You’ve heard the rumors. You’ve seen the photos. And now, you get to hear the truth.*
* – The ‘truth,’ in this particular instance, is one man’s subjective opinion plus some easily verifiable facts coupled with pure speculation. Sort of like what you’d hear from that ‘Ancient Aliens’ guy, I guess.
By now, you’ve probably heard plenty of stories about Google Glass, though chances are good you havent seen one for yourself. As per the Tech-Wonk Handbook, it looks a lot like a Star Trek prop and projects an aura of mystery and desirability, which is great for Google considering that its still technically in development. It promises to revolutionize the way we use the internet by giving us instant, hands-free access to it day or night from anywhere on the planet. If you can stand to be seen wearing a headset over your right eye, you can update your Facebook status while skiing down Mt. Everest or shoot video as you box your way to a heavyweight title or have a web chat with your boss as you ski-dive into the Grand Canyon. At least, that’s how they’re selling it.
Log onto the official Google Glass site and you’ll be hard pressed that this game-changer still hasn’t hit the streets. Phrases like Make Glass your own and Go ahead, take it outside pop up as you scroll through photos of plucky twenty-somethings sporting the Glass headsets. There’s already three styles Edge, Classic and Active to choose from, plus a brand new (deluxe?) line called Titanium. (How exactly something can be classic when its still in its test stage is never quite explained. In any case, the color appears to be the only real difference. Apple should consider a lawsuit.) Intrigued? Don’t chuck your smartphone out the window just yet. The How to Get One link takes you to an application for the Glass Explorer Program (anyone claimed that for their party’s event name on Facebook yet?) where you’re choices are to sign up for a newsletter or put your name on a waiting list. So much for taking it outside.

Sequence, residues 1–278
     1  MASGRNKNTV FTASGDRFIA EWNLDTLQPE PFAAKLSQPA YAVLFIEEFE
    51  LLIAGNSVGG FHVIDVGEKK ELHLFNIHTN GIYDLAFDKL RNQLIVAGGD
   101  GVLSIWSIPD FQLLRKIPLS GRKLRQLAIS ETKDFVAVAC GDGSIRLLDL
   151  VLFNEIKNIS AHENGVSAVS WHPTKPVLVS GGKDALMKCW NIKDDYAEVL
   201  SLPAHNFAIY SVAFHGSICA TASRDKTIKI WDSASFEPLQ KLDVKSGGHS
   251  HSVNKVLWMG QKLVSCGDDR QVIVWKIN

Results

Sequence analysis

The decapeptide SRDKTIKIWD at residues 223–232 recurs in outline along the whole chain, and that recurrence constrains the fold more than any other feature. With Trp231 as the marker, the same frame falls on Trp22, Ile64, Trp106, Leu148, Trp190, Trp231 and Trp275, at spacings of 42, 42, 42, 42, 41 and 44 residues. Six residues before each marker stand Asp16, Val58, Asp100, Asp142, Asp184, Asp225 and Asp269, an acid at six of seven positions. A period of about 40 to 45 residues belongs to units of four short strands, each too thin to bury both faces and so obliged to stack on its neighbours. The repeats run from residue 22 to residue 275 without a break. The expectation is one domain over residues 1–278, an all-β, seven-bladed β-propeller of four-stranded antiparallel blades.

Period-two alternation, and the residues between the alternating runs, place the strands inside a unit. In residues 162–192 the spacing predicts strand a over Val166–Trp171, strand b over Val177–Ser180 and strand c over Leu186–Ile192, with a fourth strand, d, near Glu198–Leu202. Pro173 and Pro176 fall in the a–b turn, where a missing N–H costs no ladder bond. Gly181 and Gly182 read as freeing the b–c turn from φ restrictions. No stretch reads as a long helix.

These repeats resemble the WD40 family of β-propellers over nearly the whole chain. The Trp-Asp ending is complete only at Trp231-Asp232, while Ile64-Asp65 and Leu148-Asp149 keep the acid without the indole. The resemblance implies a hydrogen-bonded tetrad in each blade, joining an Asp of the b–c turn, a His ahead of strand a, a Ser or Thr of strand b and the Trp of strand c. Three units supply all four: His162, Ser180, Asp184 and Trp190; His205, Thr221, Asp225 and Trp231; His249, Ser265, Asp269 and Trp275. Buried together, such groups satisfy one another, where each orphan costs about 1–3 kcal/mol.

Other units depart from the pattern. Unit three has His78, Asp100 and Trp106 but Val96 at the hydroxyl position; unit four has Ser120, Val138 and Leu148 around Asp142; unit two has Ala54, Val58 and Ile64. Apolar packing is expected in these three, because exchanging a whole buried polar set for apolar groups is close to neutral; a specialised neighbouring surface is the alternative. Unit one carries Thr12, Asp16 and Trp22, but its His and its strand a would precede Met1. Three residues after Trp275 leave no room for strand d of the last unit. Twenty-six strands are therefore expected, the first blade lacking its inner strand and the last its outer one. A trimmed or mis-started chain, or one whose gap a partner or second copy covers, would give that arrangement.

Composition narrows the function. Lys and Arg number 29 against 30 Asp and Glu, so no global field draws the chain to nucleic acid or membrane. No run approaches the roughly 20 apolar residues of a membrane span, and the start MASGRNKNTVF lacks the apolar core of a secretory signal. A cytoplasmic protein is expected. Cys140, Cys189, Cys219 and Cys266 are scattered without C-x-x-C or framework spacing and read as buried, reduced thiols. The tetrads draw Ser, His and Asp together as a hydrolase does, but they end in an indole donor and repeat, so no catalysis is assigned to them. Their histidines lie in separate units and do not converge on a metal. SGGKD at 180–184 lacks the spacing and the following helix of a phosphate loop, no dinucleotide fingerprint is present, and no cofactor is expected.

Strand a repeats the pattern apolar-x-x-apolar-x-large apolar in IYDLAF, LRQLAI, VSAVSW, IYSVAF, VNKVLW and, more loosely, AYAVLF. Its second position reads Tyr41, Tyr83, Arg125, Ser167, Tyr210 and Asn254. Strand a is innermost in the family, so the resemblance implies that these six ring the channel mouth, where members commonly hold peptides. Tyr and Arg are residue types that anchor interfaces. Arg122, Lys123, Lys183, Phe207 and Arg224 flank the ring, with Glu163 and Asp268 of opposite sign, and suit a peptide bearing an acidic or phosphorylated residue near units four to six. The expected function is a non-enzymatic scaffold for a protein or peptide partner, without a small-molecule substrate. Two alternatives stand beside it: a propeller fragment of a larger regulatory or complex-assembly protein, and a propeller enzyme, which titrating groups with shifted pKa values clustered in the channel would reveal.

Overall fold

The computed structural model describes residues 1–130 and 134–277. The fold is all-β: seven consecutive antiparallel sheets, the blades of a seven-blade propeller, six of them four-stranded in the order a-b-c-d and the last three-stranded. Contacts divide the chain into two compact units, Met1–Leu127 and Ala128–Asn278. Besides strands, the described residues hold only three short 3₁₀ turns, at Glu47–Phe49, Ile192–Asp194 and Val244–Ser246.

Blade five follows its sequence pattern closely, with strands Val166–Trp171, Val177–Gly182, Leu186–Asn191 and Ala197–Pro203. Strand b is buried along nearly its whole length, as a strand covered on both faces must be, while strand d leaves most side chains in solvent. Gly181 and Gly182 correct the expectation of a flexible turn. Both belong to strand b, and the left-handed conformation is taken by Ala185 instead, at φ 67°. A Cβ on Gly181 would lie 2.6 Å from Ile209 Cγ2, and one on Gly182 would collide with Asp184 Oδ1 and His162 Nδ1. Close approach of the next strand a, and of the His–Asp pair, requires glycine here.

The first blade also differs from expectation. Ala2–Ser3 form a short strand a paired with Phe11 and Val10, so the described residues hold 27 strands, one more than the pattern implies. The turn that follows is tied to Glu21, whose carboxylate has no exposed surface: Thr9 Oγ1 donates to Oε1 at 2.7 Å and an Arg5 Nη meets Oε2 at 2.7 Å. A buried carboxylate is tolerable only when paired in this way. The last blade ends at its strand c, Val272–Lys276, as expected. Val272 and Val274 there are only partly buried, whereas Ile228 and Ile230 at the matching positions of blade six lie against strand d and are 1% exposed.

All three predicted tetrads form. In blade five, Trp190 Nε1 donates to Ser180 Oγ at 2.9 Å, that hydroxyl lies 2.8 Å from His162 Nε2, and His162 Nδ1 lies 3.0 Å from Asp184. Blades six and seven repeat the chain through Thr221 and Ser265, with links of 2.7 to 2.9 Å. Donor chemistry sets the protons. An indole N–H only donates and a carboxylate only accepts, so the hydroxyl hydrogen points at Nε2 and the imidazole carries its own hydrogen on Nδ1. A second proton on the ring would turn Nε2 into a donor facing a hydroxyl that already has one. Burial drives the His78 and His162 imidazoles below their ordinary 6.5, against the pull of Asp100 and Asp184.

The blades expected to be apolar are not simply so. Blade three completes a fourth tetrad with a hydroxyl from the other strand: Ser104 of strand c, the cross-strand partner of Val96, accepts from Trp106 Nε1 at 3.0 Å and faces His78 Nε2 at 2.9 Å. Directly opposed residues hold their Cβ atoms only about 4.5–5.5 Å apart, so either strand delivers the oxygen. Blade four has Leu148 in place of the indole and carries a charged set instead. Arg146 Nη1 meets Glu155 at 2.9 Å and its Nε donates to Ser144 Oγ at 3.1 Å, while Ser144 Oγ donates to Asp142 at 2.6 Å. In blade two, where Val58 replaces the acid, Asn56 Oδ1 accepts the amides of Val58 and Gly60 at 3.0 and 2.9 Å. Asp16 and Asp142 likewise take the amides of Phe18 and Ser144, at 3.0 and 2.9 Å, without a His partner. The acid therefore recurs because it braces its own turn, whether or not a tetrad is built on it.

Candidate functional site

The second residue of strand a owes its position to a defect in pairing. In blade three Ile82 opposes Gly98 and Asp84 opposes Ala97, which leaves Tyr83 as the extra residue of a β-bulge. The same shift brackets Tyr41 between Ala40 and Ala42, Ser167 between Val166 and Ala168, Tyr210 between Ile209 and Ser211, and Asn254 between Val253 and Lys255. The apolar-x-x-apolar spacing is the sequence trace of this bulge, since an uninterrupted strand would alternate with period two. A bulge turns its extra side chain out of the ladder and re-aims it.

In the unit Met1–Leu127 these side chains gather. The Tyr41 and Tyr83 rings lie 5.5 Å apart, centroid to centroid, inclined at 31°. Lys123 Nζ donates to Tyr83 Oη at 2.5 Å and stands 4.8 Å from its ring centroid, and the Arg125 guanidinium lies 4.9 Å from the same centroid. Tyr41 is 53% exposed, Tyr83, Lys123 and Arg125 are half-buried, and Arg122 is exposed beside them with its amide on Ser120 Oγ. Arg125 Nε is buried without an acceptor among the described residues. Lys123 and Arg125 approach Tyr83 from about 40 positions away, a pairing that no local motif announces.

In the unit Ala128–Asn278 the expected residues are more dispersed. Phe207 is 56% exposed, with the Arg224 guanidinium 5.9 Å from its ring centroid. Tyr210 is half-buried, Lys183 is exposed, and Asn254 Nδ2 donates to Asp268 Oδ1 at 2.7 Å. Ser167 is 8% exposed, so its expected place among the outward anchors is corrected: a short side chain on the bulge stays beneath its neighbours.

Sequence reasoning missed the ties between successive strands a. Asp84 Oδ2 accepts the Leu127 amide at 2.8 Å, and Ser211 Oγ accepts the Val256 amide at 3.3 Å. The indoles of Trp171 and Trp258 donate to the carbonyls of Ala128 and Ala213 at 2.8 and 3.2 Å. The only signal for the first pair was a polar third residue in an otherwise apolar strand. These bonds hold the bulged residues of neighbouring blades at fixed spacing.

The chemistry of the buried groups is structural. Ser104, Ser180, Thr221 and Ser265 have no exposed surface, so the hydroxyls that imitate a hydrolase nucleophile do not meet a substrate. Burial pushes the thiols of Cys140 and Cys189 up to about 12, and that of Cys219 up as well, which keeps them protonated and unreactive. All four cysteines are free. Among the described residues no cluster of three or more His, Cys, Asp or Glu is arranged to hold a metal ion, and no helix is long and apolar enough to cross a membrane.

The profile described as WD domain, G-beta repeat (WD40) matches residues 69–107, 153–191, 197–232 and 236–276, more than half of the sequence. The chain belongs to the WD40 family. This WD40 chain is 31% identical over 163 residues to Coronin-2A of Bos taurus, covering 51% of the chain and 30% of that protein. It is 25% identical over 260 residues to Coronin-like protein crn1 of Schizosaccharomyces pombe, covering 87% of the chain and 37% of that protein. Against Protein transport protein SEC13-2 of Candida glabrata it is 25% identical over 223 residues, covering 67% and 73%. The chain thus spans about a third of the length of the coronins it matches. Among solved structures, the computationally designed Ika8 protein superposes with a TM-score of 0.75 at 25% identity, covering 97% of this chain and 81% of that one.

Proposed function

Though Glass will undoubtedly cause waves when it hits stores, will it really change the way we use the internet? Watching the demo video provided on the website, its hard not to be amazed by the variety of features and the browsers (supposed) responsiveness. Taking a POV video while you do trapeze acrobatics? Who could pass that up? But then, will you still want to use it after all of the people leave and you’re hanging backstage with the Bearded Lady and the Conjoined Twins? For most of us, there comes a point where wed rather experience our life than document it and once you reach that threshold, accessibility and features become a moot point. If you take Google Glass off and put it in your pocket, will it still be a miracle of invention when you take it back out or will the ghosts of tech crazes past have magically transformed it into just another relentlessly-trumpeted smartphone?